Enough of me moaning about silliness. It’s time to moan about the plot. Now in theory it is sound. 3 Kryptonians come to Earth, decide to rule over it’s inhabitants. Meanwhile Superman has revealed his identity to Lois because, well, he likes to change his mind I guess. In the process of devoting his life to Lois he decides to have his powers removed… because reasons. Half an hour later, when he finally decides to notice the 3 super people rampaging about the planet, he gets his powers back and set about defeating them and stuff. It’s pretty straight forward really. You may have noticed one part of this that irked me though.

Why did she climb in there? Seriously... What was it going to achieve?

Why did she climb in there? Seriously… What was it going to achieve?

Now, it is not so much that Superman reveals his identity to Lois, he’s done that about 50 times in the comics over the years. The problem is that in a previous scene he went out of his way to not reveal his identity after Lois puts herself in harms way. This means that when he does just give in after falling into a small fire and failing to cover his not-burnt hand the previous sequence now feels wasted. When he does make his decision to remove his powers it then raises a load of questions that are not answered. For one, just how did Lois and Clark leave the Fortress of Solitude. It is in the Arctic Circle for Christ’s sake! You can’t just walk from it. Next question, how did Clark get back there? Lex uses a hot air balloon and a snow sled to reach it. Clark hitch-hikes. Why did Clark not hear all the murdering and stuff when Zod and friends started their rampage? Just how many days did Lois and Clark spend bumping uglies to have not noticed the change in world power? Why have Superman give up his powers only to have him get them back 30 minutes later? Did he really think the sort of catastrophes he saved the world from would stop? Would he have been able to sit by as disasters happened? All these questions and more are left completely unaddressed, unanswered and ignored.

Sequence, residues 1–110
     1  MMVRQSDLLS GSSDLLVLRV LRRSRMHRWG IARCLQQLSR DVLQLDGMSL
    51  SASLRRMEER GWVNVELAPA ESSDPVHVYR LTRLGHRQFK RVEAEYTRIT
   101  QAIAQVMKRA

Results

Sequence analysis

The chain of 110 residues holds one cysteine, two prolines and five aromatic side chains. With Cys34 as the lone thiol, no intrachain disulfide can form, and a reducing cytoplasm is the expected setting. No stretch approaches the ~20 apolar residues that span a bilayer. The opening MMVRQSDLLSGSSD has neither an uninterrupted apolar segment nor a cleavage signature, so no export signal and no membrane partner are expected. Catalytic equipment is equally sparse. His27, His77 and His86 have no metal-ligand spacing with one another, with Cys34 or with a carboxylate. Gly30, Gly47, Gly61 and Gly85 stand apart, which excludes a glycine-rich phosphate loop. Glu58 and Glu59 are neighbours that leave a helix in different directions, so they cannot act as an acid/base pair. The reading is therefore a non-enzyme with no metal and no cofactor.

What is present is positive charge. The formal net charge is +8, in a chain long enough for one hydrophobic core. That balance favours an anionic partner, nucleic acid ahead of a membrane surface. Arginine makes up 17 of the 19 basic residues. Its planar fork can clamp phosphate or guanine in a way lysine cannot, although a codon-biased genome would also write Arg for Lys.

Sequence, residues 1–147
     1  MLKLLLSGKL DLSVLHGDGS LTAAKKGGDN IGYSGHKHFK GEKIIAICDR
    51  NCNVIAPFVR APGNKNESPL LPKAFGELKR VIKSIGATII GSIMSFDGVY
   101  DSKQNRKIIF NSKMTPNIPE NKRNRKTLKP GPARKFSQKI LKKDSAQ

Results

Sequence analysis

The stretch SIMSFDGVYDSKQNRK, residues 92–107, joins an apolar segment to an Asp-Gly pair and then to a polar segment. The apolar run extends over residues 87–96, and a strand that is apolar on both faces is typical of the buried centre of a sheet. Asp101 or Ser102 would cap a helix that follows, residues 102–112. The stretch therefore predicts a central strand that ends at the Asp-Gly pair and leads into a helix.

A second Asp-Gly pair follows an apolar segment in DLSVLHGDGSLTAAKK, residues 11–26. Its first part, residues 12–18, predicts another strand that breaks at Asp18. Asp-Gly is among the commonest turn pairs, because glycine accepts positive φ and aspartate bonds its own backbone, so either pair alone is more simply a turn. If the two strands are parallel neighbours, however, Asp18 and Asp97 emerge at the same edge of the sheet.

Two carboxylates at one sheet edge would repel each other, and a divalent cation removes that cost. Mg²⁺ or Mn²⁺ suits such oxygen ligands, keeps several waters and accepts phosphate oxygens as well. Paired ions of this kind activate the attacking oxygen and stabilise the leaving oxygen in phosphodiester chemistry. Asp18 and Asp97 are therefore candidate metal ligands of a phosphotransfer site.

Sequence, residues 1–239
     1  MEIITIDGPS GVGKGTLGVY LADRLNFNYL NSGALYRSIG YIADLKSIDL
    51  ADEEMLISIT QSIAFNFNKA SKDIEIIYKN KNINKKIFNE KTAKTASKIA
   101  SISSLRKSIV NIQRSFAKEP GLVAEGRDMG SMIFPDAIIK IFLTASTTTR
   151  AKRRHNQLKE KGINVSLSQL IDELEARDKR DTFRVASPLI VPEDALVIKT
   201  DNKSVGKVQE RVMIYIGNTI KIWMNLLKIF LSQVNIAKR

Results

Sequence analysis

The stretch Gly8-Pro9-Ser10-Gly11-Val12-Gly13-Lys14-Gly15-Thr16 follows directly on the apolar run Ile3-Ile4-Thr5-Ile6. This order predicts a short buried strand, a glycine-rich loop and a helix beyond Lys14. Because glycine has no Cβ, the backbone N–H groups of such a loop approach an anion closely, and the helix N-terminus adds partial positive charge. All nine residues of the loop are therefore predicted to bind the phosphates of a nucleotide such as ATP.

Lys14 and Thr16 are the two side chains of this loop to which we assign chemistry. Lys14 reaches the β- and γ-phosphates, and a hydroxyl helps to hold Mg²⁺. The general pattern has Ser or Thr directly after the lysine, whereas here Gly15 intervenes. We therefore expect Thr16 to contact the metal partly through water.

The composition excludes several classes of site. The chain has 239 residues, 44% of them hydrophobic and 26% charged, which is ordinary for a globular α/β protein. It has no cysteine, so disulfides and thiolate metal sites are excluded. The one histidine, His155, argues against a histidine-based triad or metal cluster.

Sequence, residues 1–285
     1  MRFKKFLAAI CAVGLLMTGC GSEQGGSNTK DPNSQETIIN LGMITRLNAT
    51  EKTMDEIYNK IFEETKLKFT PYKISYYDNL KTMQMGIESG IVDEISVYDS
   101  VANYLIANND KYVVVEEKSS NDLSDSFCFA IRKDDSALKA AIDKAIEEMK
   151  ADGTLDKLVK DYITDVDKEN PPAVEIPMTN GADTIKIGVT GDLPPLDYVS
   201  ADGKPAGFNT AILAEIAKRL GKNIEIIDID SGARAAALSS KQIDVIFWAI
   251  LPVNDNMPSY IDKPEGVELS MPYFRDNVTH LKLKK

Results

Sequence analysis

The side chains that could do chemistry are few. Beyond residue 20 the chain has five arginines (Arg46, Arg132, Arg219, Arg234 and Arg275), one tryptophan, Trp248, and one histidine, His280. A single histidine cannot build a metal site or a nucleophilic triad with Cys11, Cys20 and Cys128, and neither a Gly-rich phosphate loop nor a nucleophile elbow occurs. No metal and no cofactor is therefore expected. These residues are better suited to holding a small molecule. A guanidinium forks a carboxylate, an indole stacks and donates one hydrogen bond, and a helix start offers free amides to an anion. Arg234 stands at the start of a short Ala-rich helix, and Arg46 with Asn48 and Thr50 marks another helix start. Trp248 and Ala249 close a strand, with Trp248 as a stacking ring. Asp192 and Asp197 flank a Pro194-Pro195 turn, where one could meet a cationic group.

That all being said, Superman 2 does at least manage to maintain its pace and hold your interest. The pace moves along well enough and the performance given by Terence Stamp as Zod is gloriously camp with much scenery chewing. He is clearly aware that the film he is making with Lester is not the film he was making with Donner and so he just has fun with it. Note the details though, such as how Ursa walks in Zod’s footsteps, hinting at a subservient role for her. This was apparently an idea of Stamp’s. The rest of the cast do their jobs as well as can be, although neither Kidder nor Reeve look particularly happy to be their for many of their scenes. Due to the time frame between the original Donner footage, around 20% of the film, and the Lester shot scenes there’s even some visible difference in the two leads appearance. Reeve had bulked up between shoots and Kidder appears to have discovered crack Cocaine.

I actually find this to be more stupid than reversing time by making the Earth spin backwards.

I actually find this to be more stupid than reversing time by making the Earth spin backwards.

Superman 2 is a bit of a mixed up film. On the one hand it does it’s adventure well enough to be enjoyable. On the other there’s a clear divide between the tone of the original film and this sequel. When watched as someone who is aware of the difficulties the film’s production faced you will become all too aware that many scenes had been shot merely to replace previously shot scenes or for the sake of filling out the film with comedy. This is especially evident with the humour as it really is, mostly, very out of place. Lester enjoys silly antics, the guy was behind a few of The Beatles films after all, but he is the director’s equivalent of a tone deaf singer. He has no idea of what tone the scene requires and how it should be maintained, content to have a guy on roller-skates being blown backwards down a street as people rise up against an enemy with the power of a God. In the end, Superman 2 is watch-able and , at times, quite decent. It’s just clearly not the film it was meant to be. We’ll get an idea what film it was meant to be with the next review I post though. That being, Superman 2: the Richard Donner Cut.

I’ve made a small edit to this. After watching the Richard Donner cut tonight for the first time I realised the moment where Otis makes bunny ears on Luthor’s head was, in fact, shot by Donner. You can even see Hackman’s face, which I somehow missed. Which means Richard Donner is responsible for that particular moment of whimsey. Kinda depressing really.


About lvl54spacemonkey

Just a dude who likes movies and games and has delusions of working in one of those industries. Write screenplays and work on short films in my spare time. Most of which never get finished. View all posts by lvl54spacemonkey